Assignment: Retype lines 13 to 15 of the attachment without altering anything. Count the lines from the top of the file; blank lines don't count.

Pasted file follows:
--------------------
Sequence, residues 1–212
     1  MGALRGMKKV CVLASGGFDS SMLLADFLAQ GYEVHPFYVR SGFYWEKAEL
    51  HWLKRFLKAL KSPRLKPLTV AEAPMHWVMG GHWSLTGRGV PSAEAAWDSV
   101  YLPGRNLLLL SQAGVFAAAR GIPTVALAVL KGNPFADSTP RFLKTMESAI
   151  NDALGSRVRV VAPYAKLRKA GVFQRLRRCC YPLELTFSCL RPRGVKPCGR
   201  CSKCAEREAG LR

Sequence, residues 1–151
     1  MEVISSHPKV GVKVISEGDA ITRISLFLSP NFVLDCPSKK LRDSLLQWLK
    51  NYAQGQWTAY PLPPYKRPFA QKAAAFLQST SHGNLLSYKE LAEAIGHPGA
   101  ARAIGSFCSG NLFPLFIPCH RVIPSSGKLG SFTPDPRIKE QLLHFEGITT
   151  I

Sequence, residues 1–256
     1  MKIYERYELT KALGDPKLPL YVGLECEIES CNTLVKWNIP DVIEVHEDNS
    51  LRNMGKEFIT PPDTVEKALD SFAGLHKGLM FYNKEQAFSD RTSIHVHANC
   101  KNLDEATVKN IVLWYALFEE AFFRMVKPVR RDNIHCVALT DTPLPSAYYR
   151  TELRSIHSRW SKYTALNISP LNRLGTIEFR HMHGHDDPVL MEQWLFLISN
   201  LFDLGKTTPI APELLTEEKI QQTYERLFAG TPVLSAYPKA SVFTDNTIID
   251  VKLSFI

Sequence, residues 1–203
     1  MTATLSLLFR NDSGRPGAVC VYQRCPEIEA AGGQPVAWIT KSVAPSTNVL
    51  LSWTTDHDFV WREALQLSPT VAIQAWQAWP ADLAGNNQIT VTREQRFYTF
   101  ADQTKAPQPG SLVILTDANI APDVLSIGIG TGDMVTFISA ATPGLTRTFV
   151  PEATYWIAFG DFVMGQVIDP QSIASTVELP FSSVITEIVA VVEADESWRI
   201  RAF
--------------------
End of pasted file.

     1  MKIYERYELT KALGDPKLPL YVGLECEIES CNTLVKWNIP DVIEVHEDNS
    51  LRNMGKEFIT PPDTVEKALD SFAGLHKGLM FYNKEQAFSD RTSIHVHANC
   101  KNLDEATVKN IVLWYALFEE AFFRMVKPVR RDNIHCVALT DTPLPSAYYR